I spent part of this week looking over comments on the Readers Award ballots EQMM received for the 2015 awards. One reader suggested that we institute an award for artwork—covers, interiors, or both. In general, I think honoring artists is a wonderful idea, although currently the terms of an award would be difficult to craft, since we have been shifting back and forth between photographs and paintings for our covers, and even the paintings we use nowadays (in this era of internet-available stock art) often are not original to our magazine. That said, we greatly value the contributions of our artists and photographers, and I want to devote this post to some reflections about mystery art/illustration.
EQMM’s earliest cover artist, and art director, George Salter, was one of his generation’s most distinguished illustrators and book designers. When his own original work wasn’t featured on our covers of the 1940s and ’50s, he brought in other top names in the field, people like Ed Emshwiller, who is probably best known in the world of science fiction, but who also did work for mystery publications. In 1954, Milton Glaser, an artist who would become one of this country’s most famous designers, debuted as a published artist with a cover for EQMM. In celebration of EQMM’s 75th anniversary there will be an exhibit at Columbia University’s Butler Library (mid September through mid November 2016), which will include some of this art. And our September/October 2016 cover will feature entirely new art by Milton Glaser.
Given that mystery magazines and books once used many of the same illustrators who worked in the science fiction field, it’s interesting that over time art appears to have become less important in the mystery field while maintaining its status in science fiction. One piece of evidence for the prestige artists enjoy within the science fiction fan community is that the Hugo Awards include not one but two art categories: Best Professional Artist and Best Fan Artist. Science fiction also has the Chesley Awards and the Spectrum Awards (winners of the latter published in a yearly art anthology). Mystery’s Anthony Awards, by contrast, include an art category only intermittently: By my count, just seven times in the history of the awards have Best Cover Art nominations been sought (the last time in 2009). Left Coast Crime, one of the smaller mystery conventions, instituted the Arty, a Best Cover Art award, in 2003, but I have not seen it listed as a category recently. There’s no question, I think, that mystery falls short of science fiction in its acknowledgement of the work of its visual artists.
Notice too that those Hugo Awards are given to the artist, rather than for a particular piece of art. I wonder how many mystery fans could even name an artist currently working in our field. Authors may know the names of the artists who worked on their own book covers, but there don’t seem to be many artist names that are generally known in our field anymore—certainly not in the way they were known in EQMM’s early days.
It’s good to be reminded that art was once more central to the mystery. A 2003 show at the Brooklyn Museum gathered a number of the few hundred paintings that survive from the pulp cover art of the 1930s, 40s, and 50s—a lot of it in the mystery field. Though most of the artists of that period were paid little for their work, painting over their own canvases once a cover had been shot to save the price of a new canvas, many enjoyed large reputations. Artists like Raphael DeSoto, who did many mystery covers, had their work booked a year or more in advance. EQMM’s George Salter had an international reputation and did book covers for a number of famous authors. I hope there will be another major show of that sort before long, so that a new generation will be made aware of the work of these classic genre artists.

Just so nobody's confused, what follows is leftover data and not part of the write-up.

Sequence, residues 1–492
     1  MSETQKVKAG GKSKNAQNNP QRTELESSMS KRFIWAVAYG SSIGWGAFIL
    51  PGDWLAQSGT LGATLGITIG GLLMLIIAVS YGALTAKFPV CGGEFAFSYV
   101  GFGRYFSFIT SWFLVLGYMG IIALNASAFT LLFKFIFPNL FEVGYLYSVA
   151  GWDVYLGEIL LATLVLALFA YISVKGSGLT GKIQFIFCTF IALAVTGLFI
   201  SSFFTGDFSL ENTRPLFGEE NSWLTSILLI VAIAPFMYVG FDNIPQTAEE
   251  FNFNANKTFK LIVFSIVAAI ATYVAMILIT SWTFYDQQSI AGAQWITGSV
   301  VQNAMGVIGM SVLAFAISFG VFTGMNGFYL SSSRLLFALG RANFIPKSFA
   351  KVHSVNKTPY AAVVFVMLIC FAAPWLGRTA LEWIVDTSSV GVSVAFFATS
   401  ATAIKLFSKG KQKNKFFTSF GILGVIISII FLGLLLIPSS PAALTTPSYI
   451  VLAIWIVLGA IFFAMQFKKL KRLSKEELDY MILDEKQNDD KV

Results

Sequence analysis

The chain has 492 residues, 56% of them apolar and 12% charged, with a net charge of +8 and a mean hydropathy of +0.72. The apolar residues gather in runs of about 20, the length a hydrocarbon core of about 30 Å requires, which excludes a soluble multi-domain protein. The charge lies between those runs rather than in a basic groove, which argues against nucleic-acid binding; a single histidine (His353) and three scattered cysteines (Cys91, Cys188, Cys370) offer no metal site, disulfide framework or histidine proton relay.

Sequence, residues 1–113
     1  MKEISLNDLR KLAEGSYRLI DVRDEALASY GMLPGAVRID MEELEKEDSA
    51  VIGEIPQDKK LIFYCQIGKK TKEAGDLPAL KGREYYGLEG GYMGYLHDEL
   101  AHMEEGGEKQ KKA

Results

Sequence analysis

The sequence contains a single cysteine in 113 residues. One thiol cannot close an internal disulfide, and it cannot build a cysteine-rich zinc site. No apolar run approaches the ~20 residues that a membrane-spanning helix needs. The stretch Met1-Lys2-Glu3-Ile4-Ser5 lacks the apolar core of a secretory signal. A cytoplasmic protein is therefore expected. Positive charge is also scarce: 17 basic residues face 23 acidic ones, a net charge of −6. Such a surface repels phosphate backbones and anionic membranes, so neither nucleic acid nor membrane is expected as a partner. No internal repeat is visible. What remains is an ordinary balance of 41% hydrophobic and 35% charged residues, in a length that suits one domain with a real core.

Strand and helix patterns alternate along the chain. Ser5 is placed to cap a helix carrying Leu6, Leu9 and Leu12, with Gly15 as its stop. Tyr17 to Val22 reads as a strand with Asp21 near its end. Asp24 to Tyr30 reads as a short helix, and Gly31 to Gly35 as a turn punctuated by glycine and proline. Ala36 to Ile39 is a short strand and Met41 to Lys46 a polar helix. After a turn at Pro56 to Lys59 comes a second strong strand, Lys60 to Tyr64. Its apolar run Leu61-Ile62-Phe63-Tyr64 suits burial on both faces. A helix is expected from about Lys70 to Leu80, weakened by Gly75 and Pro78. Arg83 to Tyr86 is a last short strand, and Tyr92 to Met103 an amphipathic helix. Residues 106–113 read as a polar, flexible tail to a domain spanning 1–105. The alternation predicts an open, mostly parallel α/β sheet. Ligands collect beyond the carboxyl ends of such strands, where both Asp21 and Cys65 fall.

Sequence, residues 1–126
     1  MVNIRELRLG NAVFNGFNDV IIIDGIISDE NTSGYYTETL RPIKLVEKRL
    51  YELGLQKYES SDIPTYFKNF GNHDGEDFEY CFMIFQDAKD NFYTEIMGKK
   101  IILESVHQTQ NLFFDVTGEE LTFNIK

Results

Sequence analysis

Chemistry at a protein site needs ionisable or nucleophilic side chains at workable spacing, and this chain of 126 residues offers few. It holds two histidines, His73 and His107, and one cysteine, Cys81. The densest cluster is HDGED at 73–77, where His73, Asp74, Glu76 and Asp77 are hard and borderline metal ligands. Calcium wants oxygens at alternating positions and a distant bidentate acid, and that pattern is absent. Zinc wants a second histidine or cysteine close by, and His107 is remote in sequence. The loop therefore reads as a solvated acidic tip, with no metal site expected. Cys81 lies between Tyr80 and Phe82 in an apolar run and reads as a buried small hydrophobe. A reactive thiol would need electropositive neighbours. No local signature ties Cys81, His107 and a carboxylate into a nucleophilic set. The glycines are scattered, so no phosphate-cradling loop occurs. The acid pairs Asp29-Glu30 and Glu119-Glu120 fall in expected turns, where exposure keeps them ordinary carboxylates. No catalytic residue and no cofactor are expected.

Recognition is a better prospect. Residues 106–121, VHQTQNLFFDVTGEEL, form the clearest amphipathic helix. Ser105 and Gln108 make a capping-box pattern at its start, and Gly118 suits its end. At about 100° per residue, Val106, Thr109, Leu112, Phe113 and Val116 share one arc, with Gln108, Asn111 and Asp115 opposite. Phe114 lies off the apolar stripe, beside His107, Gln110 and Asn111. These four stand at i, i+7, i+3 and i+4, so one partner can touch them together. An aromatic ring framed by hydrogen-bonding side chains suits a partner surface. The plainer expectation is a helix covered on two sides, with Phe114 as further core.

For a number of years (roughly from 2003 to 2010) EQMM used reprints of classic pulp and early digest-magazine art for its covers. For a time, readers responded well, and we received an exceptionally large number of letters thanking us for bringing the work back. But in time, we began to get requests for a change, and I had to agree that it was due. In search of a new and distinctive look we transitioned largely to noir-style photographs inset in a solid background with type. And most recently, with the beginning of 2016, we have returned to full-cover art—mostly paintings—with a wider range of subject matter in the images than is typically found in pulp art.
It is tempting to think that mystery art reached a peak during those pulp and early digest-magazine years that it hasn’t been able to equal since. My guess is that it’s the themes and subject matter of that period that would come to most people’s minds if they were asked what typifies a mystery illustration. But there are many very talented artists working in the field today, and their work deserves wider recognition. One reason they often get overlooked may be that there isn’t a specific “look” that can be identified with the present day that also proclaims itself to be about mystery—not in the way that a dame in a bar, smoke rising from her cigarette, could do that on a pulp cover, anyway. You don’t even need the props of a gun or knife or poison once that classic scene is set.
I’d very much like to know what our readers’ views are about cover art, and which styles of art our readers like best. Please don’t hesitate to give us some feedback about our new cover look, and about what you find most evocative in a mystery cover. You’ll find a few examples here of EQMM covers from different periods of our history, and also some samples of the work of the artists who do interior illustration for us. Please weigh in!—Janet Hutchings